So, let me get this straight... They take away your pulse, but keep you alive, and the device they use to do it is named after the person that is supposed to be the origin of the vampire mythos. Was that intentional?
Doesn't the human body have a system of (for lack of a better term) 'check valves' within the veins that prevent blood back-flow? How well does the circulatory system handle the lack of pulsation given by a normal heart rhythm? Are not veins, etc., dependent upon this elasticity to keep them healthy? Does the pulse help to prevent plaque buildup within the circulation system (as compared to constant flow)? I am definitely NOT in the medical profession but I am curious about whether or not it can be deemed 'safe' to fool around with Gods original design. The medical profession has many times thought and idea was revolutionary and better than the original only to be later proven wrong (consider drug/medications here primarily).
Doesn't ex VP Dick Cheney have an artificial heart? I had read that he was debating whether to try to get a transplant or just keep the artificial heart.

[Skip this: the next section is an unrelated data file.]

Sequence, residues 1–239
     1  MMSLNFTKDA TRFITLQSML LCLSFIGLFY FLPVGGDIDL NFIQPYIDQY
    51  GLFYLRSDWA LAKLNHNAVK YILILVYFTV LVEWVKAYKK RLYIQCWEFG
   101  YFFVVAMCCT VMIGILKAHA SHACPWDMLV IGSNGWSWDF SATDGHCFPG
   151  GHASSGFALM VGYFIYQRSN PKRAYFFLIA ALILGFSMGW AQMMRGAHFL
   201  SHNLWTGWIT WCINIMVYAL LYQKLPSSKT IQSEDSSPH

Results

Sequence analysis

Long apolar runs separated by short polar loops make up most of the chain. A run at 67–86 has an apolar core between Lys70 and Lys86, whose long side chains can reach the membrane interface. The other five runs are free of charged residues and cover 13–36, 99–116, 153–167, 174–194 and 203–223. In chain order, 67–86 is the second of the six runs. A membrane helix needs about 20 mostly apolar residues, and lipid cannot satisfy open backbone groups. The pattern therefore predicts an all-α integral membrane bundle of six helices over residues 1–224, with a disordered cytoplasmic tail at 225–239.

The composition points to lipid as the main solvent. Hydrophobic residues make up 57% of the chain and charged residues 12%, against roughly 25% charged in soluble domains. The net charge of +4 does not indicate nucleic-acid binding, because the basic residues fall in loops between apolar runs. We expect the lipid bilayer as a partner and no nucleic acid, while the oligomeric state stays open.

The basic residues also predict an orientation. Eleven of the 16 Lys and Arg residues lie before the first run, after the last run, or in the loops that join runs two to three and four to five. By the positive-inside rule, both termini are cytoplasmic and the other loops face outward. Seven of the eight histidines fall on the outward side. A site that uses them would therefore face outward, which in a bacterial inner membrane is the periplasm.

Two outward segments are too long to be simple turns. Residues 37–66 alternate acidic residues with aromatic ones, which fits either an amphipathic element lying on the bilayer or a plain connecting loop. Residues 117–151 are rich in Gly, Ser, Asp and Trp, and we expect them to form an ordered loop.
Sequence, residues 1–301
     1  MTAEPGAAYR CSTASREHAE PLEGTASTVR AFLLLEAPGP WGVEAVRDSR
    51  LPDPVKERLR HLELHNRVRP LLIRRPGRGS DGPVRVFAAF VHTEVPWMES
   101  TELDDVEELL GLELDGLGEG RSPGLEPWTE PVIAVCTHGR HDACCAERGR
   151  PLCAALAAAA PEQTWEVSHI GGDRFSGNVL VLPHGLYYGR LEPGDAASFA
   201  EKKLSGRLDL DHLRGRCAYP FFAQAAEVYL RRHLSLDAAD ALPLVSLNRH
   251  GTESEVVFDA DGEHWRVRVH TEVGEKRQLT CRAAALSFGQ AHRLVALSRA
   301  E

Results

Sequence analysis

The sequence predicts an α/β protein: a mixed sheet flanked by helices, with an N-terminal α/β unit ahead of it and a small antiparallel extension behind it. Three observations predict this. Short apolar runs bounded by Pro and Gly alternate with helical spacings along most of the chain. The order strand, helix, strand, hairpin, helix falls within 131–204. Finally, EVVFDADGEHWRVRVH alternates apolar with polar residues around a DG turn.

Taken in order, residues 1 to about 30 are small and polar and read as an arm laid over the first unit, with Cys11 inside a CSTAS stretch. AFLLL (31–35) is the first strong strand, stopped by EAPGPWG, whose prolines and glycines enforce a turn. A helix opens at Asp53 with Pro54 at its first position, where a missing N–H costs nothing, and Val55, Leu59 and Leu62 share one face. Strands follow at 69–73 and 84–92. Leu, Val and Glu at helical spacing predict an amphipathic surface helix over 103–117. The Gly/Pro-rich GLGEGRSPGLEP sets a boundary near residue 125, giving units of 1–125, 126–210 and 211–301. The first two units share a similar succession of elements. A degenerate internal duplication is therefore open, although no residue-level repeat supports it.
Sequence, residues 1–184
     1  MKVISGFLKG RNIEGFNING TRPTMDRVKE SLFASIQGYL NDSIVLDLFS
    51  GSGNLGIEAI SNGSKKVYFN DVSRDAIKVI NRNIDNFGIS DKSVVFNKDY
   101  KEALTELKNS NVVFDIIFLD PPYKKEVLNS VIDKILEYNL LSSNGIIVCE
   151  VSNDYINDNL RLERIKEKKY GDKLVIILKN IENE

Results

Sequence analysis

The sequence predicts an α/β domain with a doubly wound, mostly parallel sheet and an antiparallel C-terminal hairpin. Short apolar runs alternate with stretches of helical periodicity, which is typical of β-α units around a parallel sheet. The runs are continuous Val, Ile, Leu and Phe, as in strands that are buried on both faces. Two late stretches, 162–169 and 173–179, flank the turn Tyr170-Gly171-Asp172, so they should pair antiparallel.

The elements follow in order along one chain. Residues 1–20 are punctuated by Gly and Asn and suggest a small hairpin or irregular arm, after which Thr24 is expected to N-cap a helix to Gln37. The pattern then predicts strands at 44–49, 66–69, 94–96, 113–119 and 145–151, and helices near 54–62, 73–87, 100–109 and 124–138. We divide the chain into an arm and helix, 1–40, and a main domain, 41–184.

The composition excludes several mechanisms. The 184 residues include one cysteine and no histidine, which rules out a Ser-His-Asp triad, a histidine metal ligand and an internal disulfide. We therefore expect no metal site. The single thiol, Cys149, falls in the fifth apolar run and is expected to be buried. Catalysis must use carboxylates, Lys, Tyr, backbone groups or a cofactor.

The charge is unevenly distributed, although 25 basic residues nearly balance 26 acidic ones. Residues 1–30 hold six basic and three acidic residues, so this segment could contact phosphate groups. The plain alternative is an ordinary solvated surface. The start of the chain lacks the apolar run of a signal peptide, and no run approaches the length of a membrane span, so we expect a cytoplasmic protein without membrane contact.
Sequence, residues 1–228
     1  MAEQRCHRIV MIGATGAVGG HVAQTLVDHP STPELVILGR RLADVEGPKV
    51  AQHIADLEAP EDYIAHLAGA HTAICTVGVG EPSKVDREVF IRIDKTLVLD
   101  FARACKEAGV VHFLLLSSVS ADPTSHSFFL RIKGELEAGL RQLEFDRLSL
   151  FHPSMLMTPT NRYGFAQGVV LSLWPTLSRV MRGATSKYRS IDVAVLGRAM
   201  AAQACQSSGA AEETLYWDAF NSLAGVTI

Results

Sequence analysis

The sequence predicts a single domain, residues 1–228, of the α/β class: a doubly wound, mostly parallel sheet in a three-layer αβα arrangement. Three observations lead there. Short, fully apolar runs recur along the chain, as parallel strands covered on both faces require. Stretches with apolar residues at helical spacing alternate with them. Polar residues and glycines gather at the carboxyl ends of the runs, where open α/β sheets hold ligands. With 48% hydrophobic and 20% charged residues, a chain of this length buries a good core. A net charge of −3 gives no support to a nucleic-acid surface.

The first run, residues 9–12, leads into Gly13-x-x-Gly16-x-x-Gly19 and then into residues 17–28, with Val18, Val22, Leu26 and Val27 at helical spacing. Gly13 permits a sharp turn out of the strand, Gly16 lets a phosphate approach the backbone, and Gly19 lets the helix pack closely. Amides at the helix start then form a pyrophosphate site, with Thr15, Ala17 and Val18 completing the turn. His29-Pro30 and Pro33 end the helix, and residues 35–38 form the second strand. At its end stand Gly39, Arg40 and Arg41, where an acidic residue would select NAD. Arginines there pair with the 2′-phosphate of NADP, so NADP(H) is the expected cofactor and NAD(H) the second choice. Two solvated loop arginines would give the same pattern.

like becoming a vampire, having a pulseless heart is just a tad more than being dead...but does it actually beat dying? does our fear of passing away justify this? on top of marinechief's comment re one-way venal valves and vessel-wall elasticity, i would like to add that there might be resons for the blood system's rhythmic action that science does not yet see nor understand. embryonic pulse, for one, precedes the appearance of the embryonic heart.
Just because God didn't invent a better system doesn't mean the we can't. Just look at our tail bones how silly they are. Now a good sturdy tail would be very handy in many situations. And what did we get? Something that only shows up on an x-ray. As for 'safe' and the long term effects; that's why they are testing it. But hands up all those who wants to die of a bad hearth. Anybody?? I can't see Your hands.
isn't the best there is. Then why haven't man been able to duplicate it, or make something better?? Oh thats right, he can't.